Like Hume’s, Jefferson’s cosmos is no accident. It gives unmistakably evidence of design—cause linked with effect. He writes in a letter to John Adams (11 Apr. 1823) in a manner similar to Hume: “I hold (without appeal to revelation) that when we take a view of the Universe, in it’s parts general or particular, it is impossible for the human mind not to percieve [sic] and feel a conviction of design, consummate skill, and indefinite power in every atom of it’s composition.” The heavenly bodies are exactly held in course by “the balance of centrifugal and centripetal forces.” The earth’s structure—with the proper proportion of land, water, and air, and with minerals, vegetables, and animals perfectly organized and of numerous uses—“it is impossible … for the human mind not to believe that there is, in all this, design, cause and effect, up to an ultimate cause, a fabricator of all things from matter and motion, their preserver and regulator while permitted to exist in their present forms, and their regenerator into new and other forms.” In addition, there is evidence of superintendency. Old stars evanesce; new stars are born. Some races of animals have become extinct: “were there no restoring power, all existences might extinguish successively, one by one, until all should be reduced to a shapeless chaos.” So obvious is the design of the cosmos that for every atheist—atheism for Jefferson being inconsistent with morality—there are one million believers.
The causal structure literally bespeaks a creator that works not ex nihilo, but from matter and motion. Deity, preserves, regulates, and regenerates. The regeneration is best attributable not to imprescriptible divine intervention in the regularity of nature—Jefferson’s eschewal of thaumaturgy in construction of his two bibles is evidence of that—but to prescribed changes in things, written into the laws of nature, and dispositions of material things. Thus, superintendency works in the manner of a thermostat, once installed in a house, regulating the temperature of that house. The notions of “perceive” and “feel”—derived from Destutt de Tracy’s epistemology, and consistent with Lord Kames’ notion of intuitive perception—demonstrate that the argument is not analogical. On close inspection, one forms an immediate sensory impression, not unlike the impression one forms of an action, morally correct, given sanction of the moral sense.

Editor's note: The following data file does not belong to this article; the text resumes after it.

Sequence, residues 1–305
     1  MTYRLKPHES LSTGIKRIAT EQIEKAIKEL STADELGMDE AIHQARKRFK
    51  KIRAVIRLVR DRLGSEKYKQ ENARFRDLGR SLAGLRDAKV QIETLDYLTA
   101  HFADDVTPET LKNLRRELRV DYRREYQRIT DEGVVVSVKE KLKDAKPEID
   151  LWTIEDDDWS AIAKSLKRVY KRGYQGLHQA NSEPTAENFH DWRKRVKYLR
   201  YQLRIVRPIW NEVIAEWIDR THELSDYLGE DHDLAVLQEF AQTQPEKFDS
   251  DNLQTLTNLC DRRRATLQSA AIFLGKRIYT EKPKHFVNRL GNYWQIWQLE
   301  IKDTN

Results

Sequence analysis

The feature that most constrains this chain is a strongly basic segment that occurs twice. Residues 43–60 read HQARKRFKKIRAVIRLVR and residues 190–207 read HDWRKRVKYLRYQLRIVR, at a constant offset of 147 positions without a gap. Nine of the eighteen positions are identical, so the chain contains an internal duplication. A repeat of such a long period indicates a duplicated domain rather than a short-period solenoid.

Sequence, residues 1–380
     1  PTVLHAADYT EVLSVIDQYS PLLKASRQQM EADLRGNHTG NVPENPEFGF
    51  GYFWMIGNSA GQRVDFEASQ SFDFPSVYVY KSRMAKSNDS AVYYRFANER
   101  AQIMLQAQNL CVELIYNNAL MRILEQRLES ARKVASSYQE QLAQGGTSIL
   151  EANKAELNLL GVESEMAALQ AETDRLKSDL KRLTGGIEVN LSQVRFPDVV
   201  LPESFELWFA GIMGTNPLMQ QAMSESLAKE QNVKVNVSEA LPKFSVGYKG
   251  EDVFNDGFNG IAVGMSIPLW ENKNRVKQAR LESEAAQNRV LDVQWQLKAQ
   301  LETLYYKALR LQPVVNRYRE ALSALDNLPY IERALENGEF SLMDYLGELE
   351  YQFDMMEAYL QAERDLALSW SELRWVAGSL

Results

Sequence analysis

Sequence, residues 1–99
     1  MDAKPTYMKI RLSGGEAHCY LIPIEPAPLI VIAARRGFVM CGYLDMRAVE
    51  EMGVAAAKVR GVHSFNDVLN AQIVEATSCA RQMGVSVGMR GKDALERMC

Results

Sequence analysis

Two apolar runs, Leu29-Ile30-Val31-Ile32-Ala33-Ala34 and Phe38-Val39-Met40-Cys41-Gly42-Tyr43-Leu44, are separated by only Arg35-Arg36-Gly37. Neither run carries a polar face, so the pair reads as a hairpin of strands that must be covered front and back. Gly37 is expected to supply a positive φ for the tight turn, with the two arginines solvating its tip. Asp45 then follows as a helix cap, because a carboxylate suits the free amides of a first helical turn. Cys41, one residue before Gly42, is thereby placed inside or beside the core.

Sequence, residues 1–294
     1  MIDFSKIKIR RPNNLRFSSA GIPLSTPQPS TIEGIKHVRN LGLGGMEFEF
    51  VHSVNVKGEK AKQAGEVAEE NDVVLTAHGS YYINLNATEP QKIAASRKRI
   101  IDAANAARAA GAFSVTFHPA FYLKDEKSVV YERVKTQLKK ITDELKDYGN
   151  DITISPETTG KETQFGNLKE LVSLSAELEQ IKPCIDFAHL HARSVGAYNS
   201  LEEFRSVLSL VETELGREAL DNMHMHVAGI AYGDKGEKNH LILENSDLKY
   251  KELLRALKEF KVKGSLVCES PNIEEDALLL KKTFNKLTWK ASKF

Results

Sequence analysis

Jefferson’s cosmos is substantially similar to that of Hume, though Hume—“the comparison of the universe to a machine of human contrivances is so obvious and natural, and is justified by so many instances of order and design in nature, that it must immediately strike all unprejudiced apprehensions, and procure universal approbation”—seems to argue for deity from analogy, not direct perception.
Finally, like Hume’s deity, Jefferson’s God is immune to supplication. Jefferson writes to Miles King (26 Sept. 1814): “[Deity] has formed us moral agents. Not that, in the perfection of his state, he can feel pain or pleasure from any thing we may do: he is far above our power: but that we may promote the happiness of those which whom he has place us in society, by acting honestly towards all, benevolently to those who fall within our way, respecting sacredly their rights bodily and mental, and cherishing especially their freedom conscience, as we value our own.” Though deity is immune to supplication, humans have been fashioned by God to be responsible for their own happiness.
So, did Jefferson think humans occupied a privileged position in the cosmos?
To answer that question, we must give some account of Jefferson’s view of humans’ moral sense. Whereas Hume argues that morality is a matter of sentiment, Jefferson describes morality as due to a god-granted sensory faculty. He writes to John Adams (14 Oct. 1816). “I believe that it is instinct, and innate, that the moral sense is as much a part of our constitution as that of feeling, seeing, or hearing; as a wise creator must have seen to be necessary in an animal destined to live in society: that every human mind feels pleasure in doing good to another.” Jefferson, in a letter to Peter Carr (19 Aug. 1785), compares the moral sense to a limb, whose functionality is perfected with proper use or is debilitated through overuse or underuse. The notion of proper use, for the sake of moral accountability, is critical, and here the analogies with a sensory organ or a limb invite different ways of cashing out proper use. Furthermore, the statement that it has been implanted “in an animal destined to live in society”—and this is a point that other scholars have failed to notice—does nothing to privilege humans in their rank among other animals. It makes it plausible that Jefferson believed other social animals—vertebrates such as bats, crows, elephants, dolphins, horses, and lions, and invertebrates such as ants, bees, termites, and wasps—because of their sociability, have a similar sense of morality, species specific.
That interpretation, however, creates a gargantuan difficulty. Jefferson’s writings are suffuse with references to humans seemingly having a privileged position in the cosmos. Most of those references, however, are merely the result of political posture or epistolary politeness. Other references are consistent with Hume’s statement that oysters (and other living things) are the equals of humans when it comes to cosmic significance, because all are significant parts of a massive cosmic network of events, causally linked. There is much to be gained by reading Jefferson in a Humean light. How we think of who we are in large part determines who we are.